Anonymous
Anonymous asked in Business & FinanceInvesting · 1 decade ago

home equity loans/second mortgage and foreclosure?

Does anyone know the actual laws about this? If you lose your home to foreclosure, and you have a home equity loan, I mean obviously you should still continue to pay. But I've gotten mixed opinions on this and just wondering... are you completely and legally still obligated to pay that off or since they have lost their security can you safely/legally just let it go? This is not in my nature but well we're about to lose our home, and money is insanely tight (that loan was to do work on the house we're losing) so as HORRIBLE as it sounds I'm wondering if we have an option to let that go with the home so we can start to build up an emergency savings account (as we have 0 in savings right now.)

Update:

no we have no options, we are way too far behind, and we do not have the means to pay for a mortgage and rent in another place (we're Military) our only luck would be it selling, but well clearly that isn't happening. we accepted a long time ago that this could happen I just want to know about that other loan.

Update 2:

yep but we can't pay back money we don't have. we do have it listed for sale, it has been for almost a year! We've lowered the asking price drastically. All I want to know is what happens leagally if we decide to let the second loan go with the foreclosure? I haven't decided 100% if we'd do that but I just w

Update 3:

yep but we can't pay back money we don't have. we do have it listed for sale, it has been for almost a year! We've lowered the asking price drastically. All I want to know is what happens leagally if we decide to let the second loan go with the foreclosure? I haven't decided 100% if we'd do that but I just want to know what our options are and what our obligations would be legally. re: taxes, laws, anything.

3 Answers

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  • 1 decade ago
    Best Answer

    if you have PMI, then get your house on the market and start talks with the second mortgage company ... (they usually won't work with you unless you are trying to sell it)

    your best bet is to try and do a deed in lieu with the second mortgage company, then they get the proceeds from the foreclosure sale and the primary company gets the money from the PMI

    if you do not have private mortgage insurance on the first loan and you cannot sell the home for what you have in it, then you should consider consultation with an attorney ... a short sale may be possible if both banking institutions agree to it, but you'll need an attorney's advice on that one ...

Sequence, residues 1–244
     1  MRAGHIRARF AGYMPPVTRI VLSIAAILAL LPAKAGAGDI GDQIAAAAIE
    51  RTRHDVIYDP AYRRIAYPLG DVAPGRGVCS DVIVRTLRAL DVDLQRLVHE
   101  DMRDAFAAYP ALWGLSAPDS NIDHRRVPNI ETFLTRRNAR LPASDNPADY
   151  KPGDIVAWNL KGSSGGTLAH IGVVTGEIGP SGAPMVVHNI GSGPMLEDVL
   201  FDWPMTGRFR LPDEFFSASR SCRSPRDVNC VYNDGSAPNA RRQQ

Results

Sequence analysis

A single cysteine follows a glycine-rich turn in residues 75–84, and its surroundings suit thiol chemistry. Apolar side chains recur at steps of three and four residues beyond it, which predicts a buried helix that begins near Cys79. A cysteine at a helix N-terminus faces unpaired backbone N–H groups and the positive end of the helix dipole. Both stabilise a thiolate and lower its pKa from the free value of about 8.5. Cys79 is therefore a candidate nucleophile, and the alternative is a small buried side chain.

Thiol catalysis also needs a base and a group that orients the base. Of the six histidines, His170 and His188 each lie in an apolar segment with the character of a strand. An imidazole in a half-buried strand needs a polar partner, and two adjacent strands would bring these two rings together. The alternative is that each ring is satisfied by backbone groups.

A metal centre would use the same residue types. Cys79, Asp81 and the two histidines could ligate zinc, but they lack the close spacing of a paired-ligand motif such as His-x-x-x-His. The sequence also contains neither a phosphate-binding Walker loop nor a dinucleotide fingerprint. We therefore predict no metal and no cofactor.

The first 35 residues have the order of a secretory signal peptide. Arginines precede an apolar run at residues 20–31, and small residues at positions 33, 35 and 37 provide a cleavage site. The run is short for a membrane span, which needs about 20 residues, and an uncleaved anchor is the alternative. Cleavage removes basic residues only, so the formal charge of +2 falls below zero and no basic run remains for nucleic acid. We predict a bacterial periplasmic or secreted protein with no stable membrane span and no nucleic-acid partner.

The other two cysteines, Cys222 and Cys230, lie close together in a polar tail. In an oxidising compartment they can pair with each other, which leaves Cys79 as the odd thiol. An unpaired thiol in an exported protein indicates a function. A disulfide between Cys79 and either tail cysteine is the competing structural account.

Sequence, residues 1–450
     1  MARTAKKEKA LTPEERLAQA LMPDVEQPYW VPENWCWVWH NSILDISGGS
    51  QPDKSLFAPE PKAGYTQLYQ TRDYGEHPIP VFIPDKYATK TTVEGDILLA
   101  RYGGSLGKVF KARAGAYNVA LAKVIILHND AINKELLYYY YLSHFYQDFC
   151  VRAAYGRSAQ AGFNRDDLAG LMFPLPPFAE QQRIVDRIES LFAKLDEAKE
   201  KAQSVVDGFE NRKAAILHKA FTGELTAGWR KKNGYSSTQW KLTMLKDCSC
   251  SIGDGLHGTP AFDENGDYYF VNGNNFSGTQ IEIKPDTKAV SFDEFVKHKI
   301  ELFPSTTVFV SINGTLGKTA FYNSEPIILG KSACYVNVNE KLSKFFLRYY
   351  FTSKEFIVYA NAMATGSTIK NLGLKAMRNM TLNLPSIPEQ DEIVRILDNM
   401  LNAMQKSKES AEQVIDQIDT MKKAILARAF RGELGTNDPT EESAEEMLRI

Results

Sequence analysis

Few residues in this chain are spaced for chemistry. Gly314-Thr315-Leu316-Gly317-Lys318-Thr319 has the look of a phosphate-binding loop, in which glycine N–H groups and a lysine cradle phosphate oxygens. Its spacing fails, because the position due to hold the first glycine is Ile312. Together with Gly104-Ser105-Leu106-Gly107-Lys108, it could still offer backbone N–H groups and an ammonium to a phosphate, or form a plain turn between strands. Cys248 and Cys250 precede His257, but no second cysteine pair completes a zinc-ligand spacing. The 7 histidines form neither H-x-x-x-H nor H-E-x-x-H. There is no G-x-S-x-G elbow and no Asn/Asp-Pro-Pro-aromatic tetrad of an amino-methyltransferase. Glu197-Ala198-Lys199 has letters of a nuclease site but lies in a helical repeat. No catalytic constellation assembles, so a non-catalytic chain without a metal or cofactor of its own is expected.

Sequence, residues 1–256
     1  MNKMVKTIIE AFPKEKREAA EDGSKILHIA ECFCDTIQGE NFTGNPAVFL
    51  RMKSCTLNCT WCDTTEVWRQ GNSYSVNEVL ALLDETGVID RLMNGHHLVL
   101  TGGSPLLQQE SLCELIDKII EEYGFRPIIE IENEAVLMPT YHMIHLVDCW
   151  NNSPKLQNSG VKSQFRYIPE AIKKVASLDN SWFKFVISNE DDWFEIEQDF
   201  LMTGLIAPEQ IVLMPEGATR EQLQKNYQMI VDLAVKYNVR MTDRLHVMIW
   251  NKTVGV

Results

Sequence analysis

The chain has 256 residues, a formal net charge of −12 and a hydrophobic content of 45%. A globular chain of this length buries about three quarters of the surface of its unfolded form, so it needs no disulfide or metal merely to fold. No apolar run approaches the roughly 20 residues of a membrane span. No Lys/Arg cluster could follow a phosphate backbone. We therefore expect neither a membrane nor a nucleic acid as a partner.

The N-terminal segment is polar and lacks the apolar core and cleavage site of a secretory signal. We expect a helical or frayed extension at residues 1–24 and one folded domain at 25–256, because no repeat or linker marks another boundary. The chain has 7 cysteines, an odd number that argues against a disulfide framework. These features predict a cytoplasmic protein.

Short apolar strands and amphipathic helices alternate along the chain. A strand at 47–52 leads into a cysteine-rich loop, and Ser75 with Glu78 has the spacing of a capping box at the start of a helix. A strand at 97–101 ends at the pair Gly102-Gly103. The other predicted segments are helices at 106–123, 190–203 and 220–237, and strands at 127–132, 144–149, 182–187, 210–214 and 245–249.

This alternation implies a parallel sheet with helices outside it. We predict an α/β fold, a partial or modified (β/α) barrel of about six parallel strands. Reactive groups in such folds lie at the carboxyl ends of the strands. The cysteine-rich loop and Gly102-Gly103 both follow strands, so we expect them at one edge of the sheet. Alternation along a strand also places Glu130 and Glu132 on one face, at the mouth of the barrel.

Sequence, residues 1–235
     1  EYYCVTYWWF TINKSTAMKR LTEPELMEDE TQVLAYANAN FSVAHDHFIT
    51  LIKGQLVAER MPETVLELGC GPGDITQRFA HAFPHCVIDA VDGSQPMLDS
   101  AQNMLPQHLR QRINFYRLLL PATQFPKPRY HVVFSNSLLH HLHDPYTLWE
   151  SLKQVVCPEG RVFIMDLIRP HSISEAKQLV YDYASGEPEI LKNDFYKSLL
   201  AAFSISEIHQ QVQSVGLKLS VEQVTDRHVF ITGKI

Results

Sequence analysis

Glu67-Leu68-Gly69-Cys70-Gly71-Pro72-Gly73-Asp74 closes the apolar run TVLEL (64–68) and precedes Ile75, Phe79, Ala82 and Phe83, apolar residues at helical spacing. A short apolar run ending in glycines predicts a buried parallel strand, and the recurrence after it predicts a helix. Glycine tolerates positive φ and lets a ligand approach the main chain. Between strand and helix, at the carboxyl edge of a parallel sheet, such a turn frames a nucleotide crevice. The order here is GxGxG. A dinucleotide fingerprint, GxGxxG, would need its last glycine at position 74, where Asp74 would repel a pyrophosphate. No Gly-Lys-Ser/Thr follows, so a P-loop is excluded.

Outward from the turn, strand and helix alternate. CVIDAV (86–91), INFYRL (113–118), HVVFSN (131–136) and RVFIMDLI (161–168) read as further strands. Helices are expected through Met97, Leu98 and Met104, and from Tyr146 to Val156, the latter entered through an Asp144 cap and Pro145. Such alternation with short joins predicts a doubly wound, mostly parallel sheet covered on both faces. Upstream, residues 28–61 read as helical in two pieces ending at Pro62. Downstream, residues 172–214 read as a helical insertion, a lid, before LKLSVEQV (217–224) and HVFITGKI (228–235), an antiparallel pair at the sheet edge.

also ... if you are going to try for an apartment after this, you should get the application approved before the mortgage issues show up on your credit report ...

  • Anonymous
    1 decade ago

    There are a lot of benefits when you have a home equity. First of all, it increases the value of your home. Moreover, you can make use of it so you will be able to improve your credit rating should you decide to apply for a home equity loan.nBut do you exactly know how to make good use of your loan? Just to help you out, here are 4 tips for you. Be careful when you're applying for a home equity loan If you're familiar with standard bank loans, then you will know how this works. When you're going to apply for a conventional loan in a bank, you will have to provide collateral, which can then function as your secure deposit. It lowers down the risks of banks in entering on a loan with you.

    http://badcreditloans.awardspace.com/How_to_Obtain...

    Thus, they can provide you with a mortgage with lower payment terms and interest rates. However, if you ever miss payments on your loan, or you can no longer cope with them, there's huge possibility that your collateral will be taken away from you. It's the same case with your home equity loan. If you aren't too careful with it, you will likely lose your own home Take note of the length of your loan. You can have the power to take control over the length of your home equity loan. However, you should be wise with this. Logic can tell you that if you're going to extend your loan for so many years, you will be enjoying lower interest rates.

  • Anonymous
    1 decade ago

    Start by reading IRS publication 4681.

    Technically, you borrowed money, not a house, so your promise was to pay back money, not a house. The second mortgage is almost always a recourse loan. If the bank doesn't pursue the debt, they issue a 1099-C and the difference between the loan and the foreclosure/short sale value is called "cancelled debt income."

    How this debt is handled on your federal tax return depends on whether you actually used the money on remodeling or if you spent it on something else. Even if you can exclude it on the federal return, you state may treat it differently.

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